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Colorado Congressman to Accept Campaign Donations in Bitcoin

U.S. Rep. Jared Polis said his office worked for weeks on his Bitcoin website in anticipation of the FEC ruling to allow political contributions in the digital currency.

U.S. Rep. Jared Polis, D-Boulder, announced Thursday that his re-election campaign will begin accepting donations in the increasingly popular digital currency bitcoin.

The move came just hours after the U.S. Federal Election Commission's unanimous vote to allow political contributions in bitcoin.

Polis said his office worked for weeks on in anticipation of the FEC ruling.

The site launched shortly after the vote, and the Boulder Democrat is believed to be the first in Congress to accept bitcoin donations.

"There's enormous interest in digital currency, including bitcoin," Polis said Thursday. "It's very exciting that the FEC is keeping its regulations up to date."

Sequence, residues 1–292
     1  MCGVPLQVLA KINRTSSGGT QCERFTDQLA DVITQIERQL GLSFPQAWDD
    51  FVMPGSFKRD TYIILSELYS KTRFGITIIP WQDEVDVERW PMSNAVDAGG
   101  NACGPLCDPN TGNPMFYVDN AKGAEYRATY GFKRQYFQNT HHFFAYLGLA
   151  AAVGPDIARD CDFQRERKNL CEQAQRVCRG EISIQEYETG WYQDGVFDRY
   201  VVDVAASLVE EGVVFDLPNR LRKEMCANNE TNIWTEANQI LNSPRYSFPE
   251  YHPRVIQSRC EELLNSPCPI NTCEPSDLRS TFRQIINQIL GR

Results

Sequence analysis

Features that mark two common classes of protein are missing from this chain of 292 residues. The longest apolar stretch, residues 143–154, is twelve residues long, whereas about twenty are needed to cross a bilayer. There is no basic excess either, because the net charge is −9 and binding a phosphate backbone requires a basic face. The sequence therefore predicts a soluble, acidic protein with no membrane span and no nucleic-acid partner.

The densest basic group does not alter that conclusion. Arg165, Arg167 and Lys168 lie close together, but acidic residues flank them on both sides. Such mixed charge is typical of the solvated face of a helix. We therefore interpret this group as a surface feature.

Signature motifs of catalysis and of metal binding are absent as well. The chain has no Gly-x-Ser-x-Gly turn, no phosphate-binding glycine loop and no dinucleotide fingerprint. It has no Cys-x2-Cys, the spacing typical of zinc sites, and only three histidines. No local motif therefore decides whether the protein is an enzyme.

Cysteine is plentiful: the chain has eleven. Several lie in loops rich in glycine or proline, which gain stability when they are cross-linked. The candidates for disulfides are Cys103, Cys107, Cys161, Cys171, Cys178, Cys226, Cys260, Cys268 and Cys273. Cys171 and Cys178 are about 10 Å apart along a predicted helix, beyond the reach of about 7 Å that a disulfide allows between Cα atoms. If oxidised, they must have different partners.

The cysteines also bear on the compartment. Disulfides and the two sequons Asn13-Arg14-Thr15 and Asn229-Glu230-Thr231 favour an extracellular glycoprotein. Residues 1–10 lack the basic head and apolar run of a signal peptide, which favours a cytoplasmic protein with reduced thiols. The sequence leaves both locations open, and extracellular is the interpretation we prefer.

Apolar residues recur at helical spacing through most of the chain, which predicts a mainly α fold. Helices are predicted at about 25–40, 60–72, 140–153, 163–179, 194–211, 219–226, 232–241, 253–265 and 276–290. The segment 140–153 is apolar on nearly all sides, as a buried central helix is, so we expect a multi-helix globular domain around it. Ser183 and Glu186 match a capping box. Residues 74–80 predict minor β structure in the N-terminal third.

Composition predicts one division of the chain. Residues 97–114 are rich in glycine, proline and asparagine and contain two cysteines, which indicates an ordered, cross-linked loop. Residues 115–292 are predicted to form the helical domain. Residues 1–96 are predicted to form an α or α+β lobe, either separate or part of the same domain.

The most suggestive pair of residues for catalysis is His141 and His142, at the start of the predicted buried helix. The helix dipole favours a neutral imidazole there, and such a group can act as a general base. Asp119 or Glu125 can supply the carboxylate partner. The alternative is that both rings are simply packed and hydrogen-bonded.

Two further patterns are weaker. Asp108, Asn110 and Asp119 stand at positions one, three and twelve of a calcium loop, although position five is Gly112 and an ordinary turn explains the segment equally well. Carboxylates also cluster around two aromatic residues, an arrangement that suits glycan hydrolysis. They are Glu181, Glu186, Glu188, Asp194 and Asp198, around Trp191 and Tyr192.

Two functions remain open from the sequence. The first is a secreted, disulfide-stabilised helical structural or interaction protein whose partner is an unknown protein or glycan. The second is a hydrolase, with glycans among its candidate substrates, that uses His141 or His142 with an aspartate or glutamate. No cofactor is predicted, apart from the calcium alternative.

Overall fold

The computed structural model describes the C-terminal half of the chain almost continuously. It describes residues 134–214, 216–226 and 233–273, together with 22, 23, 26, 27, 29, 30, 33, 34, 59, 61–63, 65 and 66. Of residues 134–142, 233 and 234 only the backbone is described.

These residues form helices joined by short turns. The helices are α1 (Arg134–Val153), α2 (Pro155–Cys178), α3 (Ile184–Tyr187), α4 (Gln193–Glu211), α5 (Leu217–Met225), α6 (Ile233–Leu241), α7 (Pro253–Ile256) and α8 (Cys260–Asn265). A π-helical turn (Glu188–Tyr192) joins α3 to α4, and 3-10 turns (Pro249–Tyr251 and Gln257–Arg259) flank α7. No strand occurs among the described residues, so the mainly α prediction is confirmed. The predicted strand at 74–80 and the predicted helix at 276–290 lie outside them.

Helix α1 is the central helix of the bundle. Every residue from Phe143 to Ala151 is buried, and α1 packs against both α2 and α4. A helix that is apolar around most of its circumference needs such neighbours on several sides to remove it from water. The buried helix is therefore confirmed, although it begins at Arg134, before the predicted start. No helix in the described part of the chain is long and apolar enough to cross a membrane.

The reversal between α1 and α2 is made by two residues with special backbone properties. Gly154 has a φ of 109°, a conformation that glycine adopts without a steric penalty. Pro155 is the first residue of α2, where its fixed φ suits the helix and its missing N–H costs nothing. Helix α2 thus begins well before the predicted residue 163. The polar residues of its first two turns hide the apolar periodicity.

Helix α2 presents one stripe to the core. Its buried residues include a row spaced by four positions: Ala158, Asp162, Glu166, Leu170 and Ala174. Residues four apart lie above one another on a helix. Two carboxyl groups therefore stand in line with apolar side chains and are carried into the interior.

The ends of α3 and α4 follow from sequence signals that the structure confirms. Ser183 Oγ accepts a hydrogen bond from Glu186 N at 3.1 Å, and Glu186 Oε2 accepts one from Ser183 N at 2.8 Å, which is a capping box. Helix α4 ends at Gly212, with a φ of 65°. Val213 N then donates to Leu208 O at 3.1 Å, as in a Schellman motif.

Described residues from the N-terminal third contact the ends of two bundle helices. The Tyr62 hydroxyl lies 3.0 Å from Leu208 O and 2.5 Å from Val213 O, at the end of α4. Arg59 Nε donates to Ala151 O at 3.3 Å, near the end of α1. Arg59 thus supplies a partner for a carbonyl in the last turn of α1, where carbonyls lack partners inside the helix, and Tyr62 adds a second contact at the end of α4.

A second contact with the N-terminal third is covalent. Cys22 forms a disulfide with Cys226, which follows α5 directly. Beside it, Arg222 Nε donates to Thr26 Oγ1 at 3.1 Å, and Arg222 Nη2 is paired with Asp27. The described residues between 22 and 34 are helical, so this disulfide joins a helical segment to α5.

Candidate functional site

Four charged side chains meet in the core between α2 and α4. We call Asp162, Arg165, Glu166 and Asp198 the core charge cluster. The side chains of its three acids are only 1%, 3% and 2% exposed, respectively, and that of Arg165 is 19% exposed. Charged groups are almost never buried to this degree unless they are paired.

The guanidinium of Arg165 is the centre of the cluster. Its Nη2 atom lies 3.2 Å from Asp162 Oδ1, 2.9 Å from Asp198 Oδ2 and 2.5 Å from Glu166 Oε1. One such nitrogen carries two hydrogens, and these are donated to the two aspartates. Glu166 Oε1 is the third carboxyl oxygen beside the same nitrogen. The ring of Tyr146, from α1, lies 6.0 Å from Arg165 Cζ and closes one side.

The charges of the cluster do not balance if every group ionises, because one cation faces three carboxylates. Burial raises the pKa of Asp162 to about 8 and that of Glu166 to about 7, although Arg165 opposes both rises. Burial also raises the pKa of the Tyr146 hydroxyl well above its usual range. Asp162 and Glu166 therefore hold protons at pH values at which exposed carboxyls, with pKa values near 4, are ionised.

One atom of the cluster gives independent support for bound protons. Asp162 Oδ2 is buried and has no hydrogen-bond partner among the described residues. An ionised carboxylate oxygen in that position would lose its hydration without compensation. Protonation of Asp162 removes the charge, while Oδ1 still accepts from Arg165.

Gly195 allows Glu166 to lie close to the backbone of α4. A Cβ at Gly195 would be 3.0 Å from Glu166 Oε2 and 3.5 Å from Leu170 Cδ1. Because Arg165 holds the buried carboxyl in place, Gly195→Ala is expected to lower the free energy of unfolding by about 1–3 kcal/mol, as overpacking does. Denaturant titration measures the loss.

Polis said the move fits well in his district, a hotbed for tech startups.

"I think it's appropriate the congressman from the area would be the first to use (digital currency) for donations," he said.

Polis has long been an advocate for bitcoin, even poking fun at paper currency to make his point.

Two months ago, in a tongue-in-cheek letter to Federal Reserve Chairwoman Janet Yellen in response to a senator's call to ban bitcoin, Polis said the dollar bill is unregulated and unstable, and urged regulators "to take immediate and appropriate action" to limit its use.

One of the main benefits of digital currency, supporters say, is that it does not go through any bank, and thus is more secure and less susceptible to forgery and theft.

"If you have cryptocurrency, it's your money and you're responsible for it," said Matt Bernier, organizer of the monthly Denver Crpytocurrency Meetup. "There's nobody who can take it from you."

Bernier said the FEC's bitcoin ruling represents progress both technologically and politically.

"It's going to get the more tech-savvy people interested in these campaigns," he said. "And for the political campaigns themselves, if somebody gives you a $20 donation, you get your 20 bucks.

"If I was to donate using my credit card, the processors would take a fee off the top. With cryptocurrency, the network itself processes the payment. You're getting the entire sum of the money that was donated to you."

©2014 the Daily Camera (Boulder, Colo.)